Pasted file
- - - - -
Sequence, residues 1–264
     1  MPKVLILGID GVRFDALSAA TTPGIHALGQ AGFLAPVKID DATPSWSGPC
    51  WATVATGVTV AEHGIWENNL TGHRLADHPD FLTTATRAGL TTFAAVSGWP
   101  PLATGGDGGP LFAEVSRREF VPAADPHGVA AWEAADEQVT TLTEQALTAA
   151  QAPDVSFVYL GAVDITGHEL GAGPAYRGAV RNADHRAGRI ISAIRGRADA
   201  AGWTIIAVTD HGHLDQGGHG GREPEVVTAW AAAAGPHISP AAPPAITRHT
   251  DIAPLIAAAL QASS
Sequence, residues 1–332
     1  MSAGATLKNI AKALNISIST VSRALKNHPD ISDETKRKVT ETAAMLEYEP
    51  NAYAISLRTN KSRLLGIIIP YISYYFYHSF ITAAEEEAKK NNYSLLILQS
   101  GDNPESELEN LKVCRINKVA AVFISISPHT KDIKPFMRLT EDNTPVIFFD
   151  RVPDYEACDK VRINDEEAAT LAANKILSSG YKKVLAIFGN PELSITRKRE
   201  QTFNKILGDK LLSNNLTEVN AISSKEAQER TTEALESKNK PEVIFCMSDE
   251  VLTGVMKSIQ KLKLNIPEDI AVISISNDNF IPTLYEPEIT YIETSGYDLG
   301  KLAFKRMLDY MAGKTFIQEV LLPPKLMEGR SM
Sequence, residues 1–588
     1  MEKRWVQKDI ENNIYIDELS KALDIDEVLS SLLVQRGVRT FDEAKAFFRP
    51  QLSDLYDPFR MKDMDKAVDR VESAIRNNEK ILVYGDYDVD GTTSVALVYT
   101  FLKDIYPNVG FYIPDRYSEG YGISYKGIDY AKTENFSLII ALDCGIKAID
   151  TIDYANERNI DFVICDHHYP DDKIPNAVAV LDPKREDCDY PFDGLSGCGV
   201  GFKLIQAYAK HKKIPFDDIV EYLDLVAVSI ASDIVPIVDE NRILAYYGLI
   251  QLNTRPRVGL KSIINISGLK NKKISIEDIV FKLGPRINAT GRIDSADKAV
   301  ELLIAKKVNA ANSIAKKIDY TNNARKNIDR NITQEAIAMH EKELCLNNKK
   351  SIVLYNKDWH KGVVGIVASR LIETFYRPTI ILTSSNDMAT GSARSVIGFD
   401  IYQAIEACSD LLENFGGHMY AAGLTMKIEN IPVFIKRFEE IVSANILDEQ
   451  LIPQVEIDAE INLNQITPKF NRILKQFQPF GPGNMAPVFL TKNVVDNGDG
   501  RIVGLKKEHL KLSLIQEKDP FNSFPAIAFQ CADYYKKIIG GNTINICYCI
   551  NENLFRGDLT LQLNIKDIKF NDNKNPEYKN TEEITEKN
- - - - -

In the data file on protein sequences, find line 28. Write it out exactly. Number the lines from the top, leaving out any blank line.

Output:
   551  NENLFRGDLT LQLNIKDIKF NDNKNPEYKN TEEITEKN